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William Shakespeare was born in April 1564 in the town of Stratford-upon-Avon, on England’s Avon River. When he was eighteen, he married Anne Hathaway. The couple had three children—an older daughter Susanna and twins, Judith and Hamnet. Hamnet, Shakespeare’s only son, died in childhood. The bulk of Shakespeare’s working life was spent in the theater world of London, where he established himself professionally by the early 1590s. He enjoyed success not only as a playwright and poet, but also as an actor and shareholder in an acting company. Although some think that sometime between 1610 and 1613 Shakespeare retired from the theater and returned home to Stratford, where he died in 1616, others believe that he may have continued to work in London until close to his death.
Barbara A. Mowat is Director of Research emerita at the Folger Shakespeare Library, Consulting Editor of Shakespeare Quarterly, and author of The Dramaturgy of Shakespeare’s Romances and of essays on Shakespeare’s plays and their editing.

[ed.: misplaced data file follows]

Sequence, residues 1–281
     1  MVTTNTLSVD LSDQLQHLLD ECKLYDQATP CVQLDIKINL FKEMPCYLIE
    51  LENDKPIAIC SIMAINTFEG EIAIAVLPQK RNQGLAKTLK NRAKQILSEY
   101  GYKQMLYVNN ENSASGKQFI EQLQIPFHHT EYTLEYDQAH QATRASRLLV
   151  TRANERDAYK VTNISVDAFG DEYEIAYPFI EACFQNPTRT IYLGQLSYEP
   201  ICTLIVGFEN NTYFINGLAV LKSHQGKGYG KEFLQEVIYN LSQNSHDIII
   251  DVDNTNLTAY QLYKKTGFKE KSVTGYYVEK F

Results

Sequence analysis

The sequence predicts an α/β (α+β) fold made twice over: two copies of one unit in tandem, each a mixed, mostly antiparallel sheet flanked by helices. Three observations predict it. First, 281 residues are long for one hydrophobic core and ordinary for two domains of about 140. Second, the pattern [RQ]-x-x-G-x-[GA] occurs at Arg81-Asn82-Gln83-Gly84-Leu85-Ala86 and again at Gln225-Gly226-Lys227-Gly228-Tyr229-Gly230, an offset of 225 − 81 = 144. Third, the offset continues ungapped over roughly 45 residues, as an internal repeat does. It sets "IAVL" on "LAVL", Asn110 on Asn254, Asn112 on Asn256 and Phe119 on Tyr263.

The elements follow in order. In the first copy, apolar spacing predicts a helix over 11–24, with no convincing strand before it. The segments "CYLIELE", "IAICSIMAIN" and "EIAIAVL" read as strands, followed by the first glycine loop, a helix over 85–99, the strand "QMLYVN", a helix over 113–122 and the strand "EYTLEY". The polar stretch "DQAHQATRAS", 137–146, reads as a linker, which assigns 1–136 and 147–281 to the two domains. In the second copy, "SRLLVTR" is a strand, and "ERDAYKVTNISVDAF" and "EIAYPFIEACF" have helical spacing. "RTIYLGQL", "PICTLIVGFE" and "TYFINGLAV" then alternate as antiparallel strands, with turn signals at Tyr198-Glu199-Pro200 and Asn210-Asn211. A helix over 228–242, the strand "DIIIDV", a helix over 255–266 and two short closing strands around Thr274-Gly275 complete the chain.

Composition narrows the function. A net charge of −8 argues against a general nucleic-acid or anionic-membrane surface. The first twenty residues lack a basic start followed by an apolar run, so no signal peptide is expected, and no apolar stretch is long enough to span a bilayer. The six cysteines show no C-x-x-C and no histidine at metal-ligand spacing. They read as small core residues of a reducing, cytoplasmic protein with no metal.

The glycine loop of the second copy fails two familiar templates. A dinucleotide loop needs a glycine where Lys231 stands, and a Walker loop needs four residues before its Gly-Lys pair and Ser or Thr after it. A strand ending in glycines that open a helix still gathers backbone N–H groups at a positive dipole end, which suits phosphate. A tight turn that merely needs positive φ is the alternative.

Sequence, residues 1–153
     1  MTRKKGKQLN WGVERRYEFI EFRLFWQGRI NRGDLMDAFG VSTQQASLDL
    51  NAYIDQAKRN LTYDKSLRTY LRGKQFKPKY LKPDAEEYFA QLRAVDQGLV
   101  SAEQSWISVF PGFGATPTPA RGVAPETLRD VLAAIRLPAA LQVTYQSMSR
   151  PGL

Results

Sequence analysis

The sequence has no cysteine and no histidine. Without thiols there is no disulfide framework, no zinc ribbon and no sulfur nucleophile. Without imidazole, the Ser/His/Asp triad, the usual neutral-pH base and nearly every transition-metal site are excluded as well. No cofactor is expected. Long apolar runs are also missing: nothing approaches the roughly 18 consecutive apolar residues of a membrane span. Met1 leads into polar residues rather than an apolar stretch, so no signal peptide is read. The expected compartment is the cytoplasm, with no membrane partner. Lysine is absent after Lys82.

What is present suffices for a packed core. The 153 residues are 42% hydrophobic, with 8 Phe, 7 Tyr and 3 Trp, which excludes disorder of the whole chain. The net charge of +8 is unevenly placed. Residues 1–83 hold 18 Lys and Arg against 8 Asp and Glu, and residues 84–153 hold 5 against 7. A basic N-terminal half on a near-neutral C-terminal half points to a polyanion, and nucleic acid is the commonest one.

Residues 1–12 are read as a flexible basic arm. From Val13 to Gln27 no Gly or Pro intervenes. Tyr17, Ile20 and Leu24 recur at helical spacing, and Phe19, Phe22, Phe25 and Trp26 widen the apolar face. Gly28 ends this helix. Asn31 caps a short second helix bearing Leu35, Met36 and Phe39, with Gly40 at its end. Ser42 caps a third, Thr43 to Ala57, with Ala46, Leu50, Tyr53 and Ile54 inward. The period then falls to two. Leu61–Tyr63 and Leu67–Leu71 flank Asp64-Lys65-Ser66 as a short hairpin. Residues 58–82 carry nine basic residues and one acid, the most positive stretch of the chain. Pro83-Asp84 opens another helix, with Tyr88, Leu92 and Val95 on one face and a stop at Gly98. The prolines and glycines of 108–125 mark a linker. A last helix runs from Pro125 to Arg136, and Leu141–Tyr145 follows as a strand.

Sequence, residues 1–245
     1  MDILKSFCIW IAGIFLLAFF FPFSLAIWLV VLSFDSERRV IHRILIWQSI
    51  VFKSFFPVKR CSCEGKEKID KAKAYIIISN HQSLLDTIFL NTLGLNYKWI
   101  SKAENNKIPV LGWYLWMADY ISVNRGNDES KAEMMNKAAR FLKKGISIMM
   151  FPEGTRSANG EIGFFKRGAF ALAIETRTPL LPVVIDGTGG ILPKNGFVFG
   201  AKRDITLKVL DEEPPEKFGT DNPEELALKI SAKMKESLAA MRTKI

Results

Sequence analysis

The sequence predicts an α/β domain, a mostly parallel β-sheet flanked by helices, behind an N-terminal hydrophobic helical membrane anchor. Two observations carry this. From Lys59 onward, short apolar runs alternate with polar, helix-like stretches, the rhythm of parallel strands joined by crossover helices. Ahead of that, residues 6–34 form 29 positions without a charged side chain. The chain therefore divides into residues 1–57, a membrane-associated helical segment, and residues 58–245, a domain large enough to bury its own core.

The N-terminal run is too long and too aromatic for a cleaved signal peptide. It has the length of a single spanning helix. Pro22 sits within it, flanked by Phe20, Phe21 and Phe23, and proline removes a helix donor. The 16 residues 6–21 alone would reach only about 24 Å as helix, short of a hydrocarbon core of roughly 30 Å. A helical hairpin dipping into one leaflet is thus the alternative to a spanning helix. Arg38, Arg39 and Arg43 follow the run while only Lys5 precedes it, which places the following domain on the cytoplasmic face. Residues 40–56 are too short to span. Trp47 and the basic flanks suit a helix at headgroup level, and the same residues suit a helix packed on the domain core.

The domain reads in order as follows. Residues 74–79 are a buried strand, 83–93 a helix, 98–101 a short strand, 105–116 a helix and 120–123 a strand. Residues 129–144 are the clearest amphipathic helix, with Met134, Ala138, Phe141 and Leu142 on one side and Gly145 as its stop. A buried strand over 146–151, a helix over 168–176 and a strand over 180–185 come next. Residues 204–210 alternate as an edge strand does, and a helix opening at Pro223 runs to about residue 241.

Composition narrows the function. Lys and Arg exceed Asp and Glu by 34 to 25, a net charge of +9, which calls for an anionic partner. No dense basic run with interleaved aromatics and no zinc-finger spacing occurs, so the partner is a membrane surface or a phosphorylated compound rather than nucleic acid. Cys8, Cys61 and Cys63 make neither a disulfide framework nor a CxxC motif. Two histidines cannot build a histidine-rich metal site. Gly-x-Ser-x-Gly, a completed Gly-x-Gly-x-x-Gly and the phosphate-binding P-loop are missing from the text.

Paul Werstine is Professor of English at the Graduate School and at King’s University College at Western University. He is a general editor of the New Variorum Shakespeare and author of Early Modern Playhouse Manuscripts and the Editing of Shakespeare and of many papers and articles on the printing and editing of Shakespeare’s plays.
Great quality, Folger Edition is perfect for students. The Modern Perspective essay is especially helpful for studying.Published 4 months ago by Gabby V
hamlet (by which I mean twilight zone the movie) is a pretty good book. How do I know? Because I read some of it. It is the story of a really racist guy. He is really racist. Read morePublished on April 26 2004 by Twilight Zone
When I started reading hamlet, I'll be completely honest, I thought it stunk! I never really enjoyed reading Shakespeare anyway, but with word usage aside, it wasn't' too shabby. Read morePublished on March 10 2004 by Justin Baas
After just finishing Hamlet, I realized that it wasn't as bad as I initially thought it would be. Shakespeare uses a unique blend of humor and tragedy to make for an interesting... Read morePublished on Feb. 26 2004 by Lauren Logel
I don't fully understand (and don't want to) the many messages that overanalytical critics contend lay beneath the text of "Hamlet", but I will say that I never fail to... Read morePublished on Feb. 16 2004 by Sierra Wilson